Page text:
AWS Contact Center

Analyze Amazon Connect Contact Lens using Contact Trace Record, Amazon Athena, and Amazon QuickSight–Part 2

Note: This is the second blog in the Amazon Connect reporting blog series. If you haven’t read “Analyze Amazon Connect Contact Trace Record with Amazon Athena and Amazon QuickSight–Part 1”, we strongly recommend you do before proceeding further.

Introduction

Many organizations want the capability to improve the efficiency of their contact center’s quality analysis process. Contact Lens for Amazon Connect, a feature of Amazon Connect, helps organizations understand customers’ sentiments, conversation characteristics, and agent compliance risks. Contact Lens achieves this by using natural language processing (NLP) and ML-powered speech-to-text-analytics to analyze call transcripts. In addition, organizations can stream Contact Lens data along with Contact Trace Records (CTR) to their data lake to perform advanced analytics.
While CTR captures transactional metrics, such as hold time, wait time, and agent interaction time, and more, Contact Lens output captures call transcript, sentiment analysis, non-talk time, categorization labels, talk speed, and interruptions, and others.
In this blog you will learn how to stream CTR from Amazon Connect, relate it to the Contact Lens output, and visualize the results using Amazon QuickSight.

Overview

Architecture diagram for the solution

Fig 1–High-level architecture diagram

In the above architecture, Amazon Kinesis Streams Amazon Connect CTRs as raw data to an Amazon Simple Storage Service (S3) bucket. The CTR captures the events associated with a contact call from your contact center. Amazon Connect delivers contact records at least once. It may deliver more CTR records for the same call, such as new information arriving after initial delivery.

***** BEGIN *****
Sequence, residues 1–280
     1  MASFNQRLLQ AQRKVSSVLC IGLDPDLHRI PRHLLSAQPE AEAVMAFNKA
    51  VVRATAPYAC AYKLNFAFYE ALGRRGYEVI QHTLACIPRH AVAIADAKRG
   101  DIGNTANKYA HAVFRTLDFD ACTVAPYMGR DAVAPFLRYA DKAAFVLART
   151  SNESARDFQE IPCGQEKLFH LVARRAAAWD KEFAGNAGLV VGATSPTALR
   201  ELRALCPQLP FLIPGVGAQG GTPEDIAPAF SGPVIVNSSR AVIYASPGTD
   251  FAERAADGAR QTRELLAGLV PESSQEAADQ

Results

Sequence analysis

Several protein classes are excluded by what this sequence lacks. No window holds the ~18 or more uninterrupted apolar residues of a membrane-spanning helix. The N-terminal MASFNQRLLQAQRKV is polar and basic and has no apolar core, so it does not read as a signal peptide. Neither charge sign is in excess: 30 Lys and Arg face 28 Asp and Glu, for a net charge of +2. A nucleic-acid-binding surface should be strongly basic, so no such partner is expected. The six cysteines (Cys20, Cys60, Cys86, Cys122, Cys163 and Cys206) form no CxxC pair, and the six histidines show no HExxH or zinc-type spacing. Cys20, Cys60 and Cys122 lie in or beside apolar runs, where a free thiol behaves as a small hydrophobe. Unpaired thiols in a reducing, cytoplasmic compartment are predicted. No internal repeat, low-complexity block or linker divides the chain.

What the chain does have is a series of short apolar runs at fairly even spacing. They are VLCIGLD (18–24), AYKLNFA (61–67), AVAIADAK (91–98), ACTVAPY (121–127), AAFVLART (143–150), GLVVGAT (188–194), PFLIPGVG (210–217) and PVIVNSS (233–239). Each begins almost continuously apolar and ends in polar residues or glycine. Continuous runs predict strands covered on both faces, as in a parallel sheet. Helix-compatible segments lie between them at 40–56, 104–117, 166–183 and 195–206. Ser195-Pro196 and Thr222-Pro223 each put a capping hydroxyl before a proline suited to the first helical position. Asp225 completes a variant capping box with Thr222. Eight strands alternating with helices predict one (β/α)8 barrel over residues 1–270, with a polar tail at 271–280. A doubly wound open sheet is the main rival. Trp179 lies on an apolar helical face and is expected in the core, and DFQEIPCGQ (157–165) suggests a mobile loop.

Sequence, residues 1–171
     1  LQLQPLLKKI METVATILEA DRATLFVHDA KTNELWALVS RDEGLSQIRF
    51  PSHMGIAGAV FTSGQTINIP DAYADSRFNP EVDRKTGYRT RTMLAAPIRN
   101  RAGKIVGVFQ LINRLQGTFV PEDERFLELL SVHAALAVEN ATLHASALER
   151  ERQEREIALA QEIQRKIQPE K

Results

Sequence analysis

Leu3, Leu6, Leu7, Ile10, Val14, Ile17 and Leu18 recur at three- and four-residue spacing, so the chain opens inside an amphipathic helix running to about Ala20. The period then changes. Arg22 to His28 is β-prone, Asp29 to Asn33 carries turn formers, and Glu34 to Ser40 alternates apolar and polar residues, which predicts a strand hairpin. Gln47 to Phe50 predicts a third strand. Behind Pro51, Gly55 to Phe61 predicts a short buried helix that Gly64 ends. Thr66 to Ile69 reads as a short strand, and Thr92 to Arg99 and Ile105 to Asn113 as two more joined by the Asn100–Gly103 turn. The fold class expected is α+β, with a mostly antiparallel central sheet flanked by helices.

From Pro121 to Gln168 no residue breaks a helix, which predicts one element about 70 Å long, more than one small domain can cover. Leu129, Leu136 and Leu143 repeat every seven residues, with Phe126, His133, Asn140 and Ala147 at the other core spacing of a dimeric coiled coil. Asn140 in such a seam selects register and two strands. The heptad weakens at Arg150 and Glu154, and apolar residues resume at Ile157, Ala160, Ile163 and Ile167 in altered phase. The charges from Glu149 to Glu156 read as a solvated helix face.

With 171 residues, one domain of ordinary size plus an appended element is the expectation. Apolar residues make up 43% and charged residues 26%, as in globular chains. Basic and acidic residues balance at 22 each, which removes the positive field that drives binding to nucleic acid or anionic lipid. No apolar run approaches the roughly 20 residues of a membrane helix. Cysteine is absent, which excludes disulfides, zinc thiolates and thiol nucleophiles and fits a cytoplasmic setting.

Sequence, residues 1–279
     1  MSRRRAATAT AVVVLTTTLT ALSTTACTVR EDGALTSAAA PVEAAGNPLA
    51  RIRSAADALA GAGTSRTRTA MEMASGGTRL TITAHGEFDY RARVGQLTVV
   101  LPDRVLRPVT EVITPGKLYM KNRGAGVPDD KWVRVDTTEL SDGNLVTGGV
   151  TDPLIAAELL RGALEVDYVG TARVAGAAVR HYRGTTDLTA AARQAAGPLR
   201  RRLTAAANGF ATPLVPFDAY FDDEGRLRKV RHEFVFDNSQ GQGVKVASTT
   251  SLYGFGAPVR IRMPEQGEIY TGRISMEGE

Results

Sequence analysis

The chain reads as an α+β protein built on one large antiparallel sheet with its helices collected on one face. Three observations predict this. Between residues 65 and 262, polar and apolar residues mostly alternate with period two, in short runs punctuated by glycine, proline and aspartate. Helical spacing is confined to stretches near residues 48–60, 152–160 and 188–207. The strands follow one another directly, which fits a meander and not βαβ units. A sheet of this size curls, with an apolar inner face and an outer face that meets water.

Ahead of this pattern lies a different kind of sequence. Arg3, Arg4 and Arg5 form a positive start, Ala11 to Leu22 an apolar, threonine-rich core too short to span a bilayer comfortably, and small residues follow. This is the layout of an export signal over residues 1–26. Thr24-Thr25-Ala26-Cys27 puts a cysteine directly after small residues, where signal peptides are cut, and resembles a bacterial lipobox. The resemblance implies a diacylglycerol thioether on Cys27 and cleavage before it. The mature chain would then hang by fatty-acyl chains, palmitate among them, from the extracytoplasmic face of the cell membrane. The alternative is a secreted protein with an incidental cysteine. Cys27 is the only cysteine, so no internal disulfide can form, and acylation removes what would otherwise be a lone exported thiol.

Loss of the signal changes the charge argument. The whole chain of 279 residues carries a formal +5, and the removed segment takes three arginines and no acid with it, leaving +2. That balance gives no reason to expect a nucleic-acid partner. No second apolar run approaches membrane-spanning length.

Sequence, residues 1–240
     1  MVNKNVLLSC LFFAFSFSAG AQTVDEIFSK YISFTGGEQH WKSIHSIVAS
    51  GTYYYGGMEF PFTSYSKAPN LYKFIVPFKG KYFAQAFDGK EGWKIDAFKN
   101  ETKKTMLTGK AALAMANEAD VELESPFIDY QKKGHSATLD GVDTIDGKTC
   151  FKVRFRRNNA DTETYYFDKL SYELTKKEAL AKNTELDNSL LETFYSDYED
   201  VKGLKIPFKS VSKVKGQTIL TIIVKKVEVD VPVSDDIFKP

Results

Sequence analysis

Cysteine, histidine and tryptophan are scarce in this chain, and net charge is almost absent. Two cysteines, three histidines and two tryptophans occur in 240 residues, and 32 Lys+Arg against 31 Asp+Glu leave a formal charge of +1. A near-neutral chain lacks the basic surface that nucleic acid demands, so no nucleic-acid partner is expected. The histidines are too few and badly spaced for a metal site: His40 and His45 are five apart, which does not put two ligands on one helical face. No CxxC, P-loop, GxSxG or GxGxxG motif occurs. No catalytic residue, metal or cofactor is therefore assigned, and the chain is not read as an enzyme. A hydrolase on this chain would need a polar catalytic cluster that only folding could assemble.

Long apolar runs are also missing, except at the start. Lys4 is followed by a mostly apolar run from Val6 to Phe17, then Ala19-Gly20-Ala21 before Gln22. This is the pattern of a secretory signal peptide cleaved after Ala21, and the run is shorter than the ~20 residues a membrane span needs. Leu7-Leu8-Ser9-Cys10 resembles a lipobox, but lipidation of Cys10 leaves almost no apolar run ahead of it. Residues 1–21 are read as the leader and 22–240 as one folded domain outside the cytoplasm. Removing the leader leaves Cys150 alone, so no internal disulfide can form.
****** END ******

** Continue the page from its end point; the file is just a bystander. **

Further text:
Amazon Connect delivers the Contact Lens output file directly to Amazon S3 bucket when the Contact Lens feature is activated. The Contact Lens output file is delivered once at the end of the call. In this architecture, Amazon EventBridge tracks the Contact Lens output file creation and streams the data to Amazon Kinesis Data Firehose. Kinesis Data Firehose collects these events for a defined interval and uses AWS Lambda to retrieve the content of each file. The Lambda compresses the records retrieved from these files to a parquet file using the schema defined in the AWS Glue Catalog, and stores this parquet file in the S3 bucket.
AWS Glue Catalog has the table definitions for the CTR and Contact Lens output files. You can relate CTR and Contact Lens data by Contact Id and run queries using Amazon Athena. For visualization, Amazon QuickSight is used.
This solution uses a parameter named “Project Name” that defines the solution domain. You can deploy this solution multiple times with different project names to maintain isolation. Since it will be used to name fundamental components such as an S3 bucket, project name must be unique globally.

Prerequisites

To follow along with the solution presented in this blog post, you should be familiar with the following AWS services and features:

Walkthrough

There are two deployments based on the analysis’ details:

  • Option 1-detailed sentiment analysis: This solution allows you to query Contact Lens along with CTR entities, such as queues and agents.
  • Option 2-base Contact Lens analysis: This solution allows you to query Contact Lens entities only.

Option 1 deployment steps